The Proper Role for Collateral Attack in Class Actions: A Reply to Allen, Miller, and Morrison

Marcel Kahan, Linda Silberman

Although Professors Kahan and Silberman would applaud a narrowing of the collateral attack remedy created by Matsushita II, as suggested by Miller and by Morrison, they argue that the interpretations offered by those two commentators are inconsistent with what the decision actually says and with its doctrinal rationale. The Ninth Circuit’s reliance on Phillips Petroleum v. Shutts offers no support for a distinction between inadequate representation due to structural deficiencies and inadequacy for other reasons. Moreover, the limiting interpretations offered by Miller and by Morrison would still permit collateral attack in a broad array of cases. In this rejoinder, the authors also respond to particular criticisms from Morrison and Allen, and conclude by noting the unanimity among all of tie commentators that broad collateral attack on class actions is undesirable.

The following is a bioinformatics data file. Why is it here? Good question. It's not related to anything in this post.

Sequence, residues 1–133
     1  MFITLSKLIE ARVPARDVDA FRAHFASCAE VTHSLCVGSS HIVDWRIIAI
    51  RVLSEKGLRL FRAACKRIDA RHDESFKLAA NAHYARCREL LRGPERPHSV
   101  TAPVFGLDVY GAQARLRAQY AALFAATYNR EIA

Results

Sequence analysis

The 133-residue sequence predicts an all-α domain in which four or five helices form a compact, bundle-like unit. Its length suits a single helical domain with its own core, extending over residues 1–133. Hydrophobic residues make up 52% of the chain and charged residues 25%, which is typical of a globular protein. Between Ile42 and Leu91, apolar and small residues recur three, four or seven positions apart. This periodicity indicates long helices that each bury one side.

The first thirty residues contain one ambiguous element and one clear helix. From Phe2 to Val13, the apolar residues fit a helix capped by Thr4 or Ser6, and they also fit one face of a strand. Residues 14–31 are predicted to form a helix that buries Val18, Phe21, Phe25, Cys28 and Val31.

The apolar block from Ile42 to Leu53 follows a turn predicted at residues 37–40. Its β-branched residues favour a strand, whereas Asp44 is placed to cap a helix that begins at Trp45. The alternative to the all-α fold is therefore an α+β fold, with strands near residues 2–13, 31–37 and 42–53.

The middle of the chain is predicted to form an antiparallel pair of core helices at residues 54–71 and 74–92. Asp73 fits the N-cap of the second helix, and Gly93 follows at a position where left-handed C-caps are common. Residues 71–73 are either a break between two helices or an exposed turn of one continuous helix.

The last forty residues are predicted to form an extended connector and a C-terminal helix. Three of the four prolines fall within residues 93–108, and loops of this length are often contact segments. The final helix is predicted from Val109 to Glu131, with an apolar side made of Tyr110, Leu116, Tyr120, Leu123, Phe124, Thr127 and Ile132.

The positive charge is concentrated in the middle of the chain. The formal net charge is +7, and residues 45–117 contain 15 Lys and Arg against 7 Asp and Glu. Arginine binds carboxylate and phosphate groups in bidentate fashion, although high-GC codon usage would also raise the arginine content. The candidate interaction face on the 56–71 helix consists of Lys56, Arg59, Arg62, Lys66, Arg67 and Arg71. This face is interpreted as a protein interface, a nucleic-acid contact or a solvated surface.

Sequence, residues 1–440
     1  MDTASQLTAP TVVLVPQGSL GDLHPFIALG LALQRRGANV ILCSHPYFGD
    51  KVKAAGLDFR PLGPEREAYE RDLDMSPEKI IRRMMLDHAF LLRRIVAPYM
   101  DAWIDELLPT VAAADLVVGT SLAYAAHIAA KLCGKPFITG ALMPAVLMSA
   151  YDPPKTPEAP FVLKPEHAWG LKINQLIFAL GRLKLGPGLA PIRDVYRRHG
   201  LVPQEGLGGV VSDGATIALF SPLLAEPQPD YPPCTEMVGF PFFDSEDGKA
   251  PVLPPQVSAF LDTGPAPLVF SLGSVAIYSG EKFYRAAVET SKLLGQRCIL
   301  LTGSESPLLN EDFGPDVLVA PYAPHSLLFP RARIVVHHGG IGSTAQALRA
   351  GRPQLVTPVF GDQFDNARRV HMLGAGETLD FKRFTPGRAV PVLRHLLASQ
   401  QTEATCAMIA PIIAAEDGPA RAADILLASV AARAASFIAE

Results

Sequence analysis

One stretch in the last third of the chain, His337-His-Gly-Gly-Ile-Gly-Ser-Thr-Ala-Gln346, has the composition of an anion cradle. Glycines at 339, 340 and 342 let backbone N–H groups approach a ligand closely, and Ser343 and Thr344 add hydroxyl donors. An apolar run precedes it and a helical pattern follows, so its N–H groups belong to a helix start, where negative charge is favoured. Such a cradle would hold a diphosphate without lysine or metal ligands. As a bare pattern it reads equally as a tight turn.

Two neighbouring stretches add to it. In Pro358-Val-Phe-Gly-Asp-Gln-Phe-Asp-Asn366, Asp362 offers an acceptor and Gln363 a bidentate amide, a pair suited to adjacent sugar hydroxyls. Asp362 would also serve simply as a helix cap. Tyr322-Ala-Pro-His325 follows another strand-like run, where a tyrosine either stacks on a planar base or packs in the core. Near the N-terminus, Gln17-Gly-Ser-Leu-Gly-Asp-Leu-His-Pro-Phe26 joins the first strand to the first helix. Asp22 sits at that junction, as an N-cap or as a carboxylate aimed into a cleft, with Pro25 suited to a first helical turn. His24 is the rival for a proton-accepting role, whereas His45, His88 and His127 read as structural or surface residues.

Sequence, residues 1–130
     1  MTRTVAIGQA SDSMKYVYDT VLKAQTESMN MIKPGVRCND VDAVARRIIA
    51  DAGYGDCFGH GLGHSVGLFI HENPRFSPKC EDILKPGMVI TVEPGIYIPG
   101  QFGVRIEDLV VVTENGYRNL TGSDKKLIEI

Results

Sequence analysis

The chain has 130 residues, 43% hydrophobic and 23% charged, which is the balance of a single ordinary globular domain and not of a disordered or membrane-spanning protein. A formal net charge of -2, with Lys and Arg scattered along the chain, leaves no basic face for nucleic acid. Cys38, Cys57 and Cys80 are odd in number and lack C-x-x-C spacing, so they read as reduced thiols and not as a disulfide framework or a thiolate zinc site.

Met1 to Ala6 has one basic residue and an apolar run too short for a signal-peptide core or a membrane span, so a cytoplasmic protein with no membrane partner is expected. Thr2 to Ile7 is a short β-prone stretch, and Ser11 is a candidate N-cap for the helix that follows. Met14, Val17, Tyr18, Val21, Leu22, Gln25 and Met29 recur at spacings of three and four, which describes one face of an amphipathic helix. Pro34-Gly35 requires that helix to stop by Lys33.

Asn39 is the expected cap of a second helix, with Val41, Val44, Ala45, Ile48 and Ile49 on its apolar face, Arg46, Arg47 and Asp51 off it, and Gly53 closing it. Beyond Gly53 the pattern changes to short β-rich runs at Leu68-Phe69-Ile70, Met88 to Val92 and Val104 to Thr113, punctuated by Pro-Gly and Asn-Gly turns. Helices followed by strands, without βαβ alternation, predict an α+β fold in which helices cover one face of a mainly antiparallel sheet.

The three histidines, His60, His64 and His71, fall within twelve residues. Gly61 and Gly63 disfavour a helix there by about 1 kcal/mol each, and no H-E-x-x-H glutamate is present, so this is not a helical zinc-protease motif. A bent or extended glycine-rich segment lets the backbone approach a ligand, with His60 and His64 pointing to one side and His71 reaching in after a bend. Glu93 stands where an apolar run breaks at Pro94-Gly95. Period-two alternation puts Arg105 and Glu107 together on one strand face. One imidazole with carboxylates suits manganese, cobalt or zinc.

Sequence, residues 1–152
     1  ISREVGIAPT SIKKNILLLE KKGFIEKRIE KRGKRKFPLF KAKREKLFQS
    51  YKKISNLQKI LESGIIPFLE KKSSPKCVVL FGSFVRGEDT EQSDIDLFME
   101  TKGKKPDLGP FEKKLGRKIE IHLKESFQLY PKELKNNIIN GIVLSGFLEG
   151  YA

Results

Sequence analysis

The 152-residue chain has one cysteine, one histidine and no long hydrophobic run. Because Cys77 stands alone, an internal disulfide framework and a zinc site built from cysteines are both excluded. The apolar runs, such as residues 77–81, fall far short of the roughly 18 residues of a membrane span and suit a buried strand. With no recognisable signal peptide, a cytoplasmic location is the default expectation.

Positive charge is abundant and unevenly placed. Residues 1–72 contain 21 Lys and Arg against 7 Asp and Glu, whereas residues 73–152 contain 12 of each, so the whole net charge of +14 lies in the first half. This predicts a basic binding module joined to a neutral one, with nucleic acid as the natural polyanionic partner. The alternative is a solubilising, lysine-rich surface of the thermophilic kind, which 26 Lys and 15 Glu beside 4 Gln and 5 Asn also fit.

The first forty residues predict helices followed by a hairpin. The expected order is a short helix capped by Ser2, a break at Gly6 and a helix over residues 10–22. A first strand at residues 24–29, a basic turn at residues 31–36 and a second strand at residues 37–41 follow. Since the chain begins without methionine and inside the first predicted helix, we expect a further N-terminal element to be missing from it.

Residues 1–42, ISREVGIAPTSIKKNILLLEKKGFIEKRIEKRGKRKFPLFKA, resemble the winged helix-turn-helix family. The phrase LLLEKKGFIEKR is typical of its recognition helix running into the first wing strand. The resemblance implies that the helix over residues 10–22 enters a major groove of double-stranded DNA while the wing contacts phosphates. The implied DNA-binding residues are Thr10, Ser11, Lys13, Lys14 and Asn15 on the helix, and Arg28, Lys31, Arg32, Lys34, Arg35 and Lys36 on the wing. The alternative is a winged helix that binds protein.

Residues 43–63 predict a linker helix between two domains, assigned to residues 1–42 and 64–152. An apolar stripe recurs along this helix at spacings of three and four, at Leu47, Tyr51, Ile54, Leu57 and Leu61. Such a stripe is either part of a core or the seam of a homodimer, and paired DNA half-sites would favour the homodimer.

The Amazing Vanishing Second Amendment

Eugene Volokh

I’m deeply flattered that David Williams chose to reply to my Article. His response is thoughtful, gracious, and, most important, direct: It frankly sets forth its conclusion, which is that the Second Amendment is “outdated” and “meaningless.” A part of the Bill of Rights has mysteriously vanished. This is a remarkable proposition. After all, supposedly “[t]he very purpose of a Bill of Rights was to withdraw certain subjects from the vicissitudes of political controversy, to place them beyond the reach of majorities and officials and to establish them as legal principles to be applied by the courts.”‘